Did Sherman and
Edna Have a
Note: You might like to have read the book before you read this.
I got a chuckle from a recent review of
"An Uncertain Justice."
Personally, I love books and movies that make you think. I hear in Australia that's considered a mature way to end a story when it trails with an ellipses (...) and allows the reader to extrapolate what might happen in the future. It creates discussion and keeps the reader thinking about the story long after it is over (which most people tell me they do with "An Uncertain Justice").
In the U.S. we tend to like nice, neat, wrapped-up little packages. But life simply isn't that way, and "An Uncertain Justice" is about life. There are dysfunctional relationships. Very few people "live happily ever after" on a bed of roses. Most people marry in a whirl of idealism and hormones and wake up in a few months to discover the other person is human and has flaws that drive them batty.
In real life, Sherman and Edna, did have their battles, but they stuck together. Sherman's insistence that Edna not work outside the home led to her feeling stifled and limited. As far as I know, she never considered herself "rescued from a sinful family." Most of the time she felt insecure and looked-down-upon by her sisters because they had jobs and she didn't. They, on the other hand, held an unspoken envy for her stable home and a man who provided well for her. The grass is always greener...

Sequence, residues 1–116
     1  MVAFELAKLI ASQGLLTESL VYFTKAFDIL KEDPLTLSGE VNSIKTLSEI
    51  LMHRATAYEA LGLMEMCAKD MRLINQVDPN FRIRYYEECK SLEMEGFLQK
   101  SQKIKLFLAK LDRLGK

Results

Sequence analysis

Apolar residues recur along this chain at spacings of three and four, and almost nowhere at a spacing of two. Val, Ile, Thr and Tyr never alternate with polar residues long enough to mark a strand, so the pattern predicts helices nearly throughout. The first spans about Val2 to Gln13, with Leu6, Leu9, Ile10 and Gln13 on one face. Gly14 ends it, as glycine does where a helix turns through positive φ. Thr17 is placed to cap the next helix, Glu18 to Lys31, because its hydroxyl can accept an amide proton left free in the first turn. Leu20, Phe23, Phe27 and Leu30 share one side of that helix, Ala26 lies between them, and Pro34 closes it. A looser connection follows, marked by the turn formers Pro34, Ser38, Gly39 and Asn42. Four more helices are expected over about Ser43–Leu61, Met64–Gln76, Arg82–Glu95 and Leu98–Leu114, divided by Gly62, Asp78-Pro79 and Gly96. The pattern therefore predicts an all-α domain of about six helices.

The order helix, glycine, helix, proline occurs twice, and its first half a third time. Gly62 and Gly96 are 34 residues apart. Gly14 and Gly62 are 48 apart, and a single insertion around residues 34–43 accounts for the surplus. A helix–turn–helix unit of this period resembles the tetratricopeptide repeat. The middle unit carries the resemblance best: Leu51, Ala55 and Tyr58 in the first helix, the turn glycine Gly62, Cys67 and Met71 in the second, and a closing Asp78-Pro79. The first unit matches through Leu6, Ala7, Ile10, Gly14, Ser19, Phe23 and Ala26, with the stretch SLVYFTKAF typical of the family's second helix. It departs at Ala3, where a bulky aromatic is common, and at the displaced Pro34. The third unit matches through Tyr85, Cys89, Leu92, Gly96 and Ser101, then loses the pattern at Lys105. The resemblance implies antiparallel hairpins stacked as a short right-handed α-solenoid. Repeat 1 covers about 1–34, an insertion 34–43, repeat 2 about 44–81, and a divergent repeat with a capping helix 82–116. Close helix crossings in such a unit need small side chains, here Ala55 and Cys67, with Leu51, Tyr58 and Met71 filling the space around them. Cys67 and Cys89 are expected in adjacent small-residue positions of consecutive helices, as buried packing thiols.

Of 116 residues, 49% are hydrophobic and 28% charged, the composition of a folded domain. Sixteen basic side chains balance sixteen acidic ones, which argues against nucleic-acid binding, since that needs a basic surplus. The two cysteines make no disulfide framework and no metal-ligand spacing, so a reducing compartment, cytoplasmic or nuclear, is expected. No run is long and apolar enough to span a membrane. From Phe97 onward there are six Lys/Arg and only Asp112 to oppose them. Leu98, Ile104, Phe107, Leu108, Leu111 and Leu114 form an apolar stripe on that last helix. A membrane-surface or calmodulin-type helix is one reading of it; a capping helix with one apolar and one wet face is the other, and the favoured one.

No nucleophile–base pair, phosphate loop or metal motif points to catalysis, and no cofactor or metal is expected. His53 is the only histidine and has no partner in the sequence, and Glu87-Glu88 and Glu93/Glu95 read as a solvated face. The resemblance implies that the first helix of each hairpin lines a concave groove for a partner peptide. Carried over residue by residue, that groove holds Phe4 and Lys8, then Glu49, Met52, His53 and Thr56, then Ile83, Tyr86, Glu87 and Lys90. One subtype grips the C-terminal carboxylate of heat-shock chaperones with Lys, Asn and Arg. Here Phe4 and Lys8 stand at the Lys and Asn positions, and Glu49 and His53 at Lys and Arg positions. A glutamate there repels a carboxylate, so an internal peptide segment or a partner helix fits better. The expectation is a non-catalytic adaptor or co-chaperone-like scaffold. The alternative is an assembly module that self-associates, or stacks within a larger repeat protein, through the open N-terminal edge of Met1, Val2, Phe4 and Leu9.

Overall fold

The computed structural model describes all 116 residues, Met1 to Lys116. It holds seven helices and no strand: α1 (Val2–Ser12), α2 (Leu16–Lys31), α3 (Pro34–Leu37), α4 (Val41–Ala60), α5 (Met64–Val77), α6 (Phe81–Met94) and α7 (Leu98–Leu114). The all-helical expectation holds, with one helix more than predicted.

Edna did carry her fun-loving nature throughout her life, but she wrestled with bouts of depression and anger -- which she did unleash on Sherman -- because she was never fully able to express what I suspect was an entrepreneurial nature.
Let me give you an example. Sherman was tight with money -- especially with anything he didn't see as valuable. Edna wanted a new dining room suit, but Sherman wouldn't give her the money for it. So she raised chickens and saved her egg money until she bought the dining room suit herself. Rather than congratulating her for her ingenuity and her ability to save, Sherman gave her a hard time for wasting her money on something so frivolous. His controlling nature, which you see in the story, didn't suddenly disappear because they got married.
As a side note, I inherited that dining room suit. I still own the china cabinet and intend to keep it as long as it holds together. It represents a piece of my grandmother that I see in myself -- determination, ingenuity and entrepreneurship. It reminds me how incredibly blessed I am to be able to live in a time when I can fully express those qualities.
Now, did Edna always take it lying down? No, she did not. A hint of her reactions to Sherman's control is evident in a remark he made. He and my cousin came in the house to find Edna sleeping. Sherman commented, "She looks like an angel when she sleeps. Too bad all that disappears when she wakes up."
Now, I would like to go on record that I never saw any bickering between these two, it wasn't like they fought cats and dogs. Rather, like most married couples, life is not perfect. People have issues. There are those who like to be in control of everything. And there are others who like to "go along to get along" yet erupt in flashes of temper when enough is enough.
I'm not condoning this as an
acceptable dynamic, but it happens -- it did happen. So, if you saw this foreshadowed in the story, pat yourself on the back. I meant to do that!
Your Copy Here!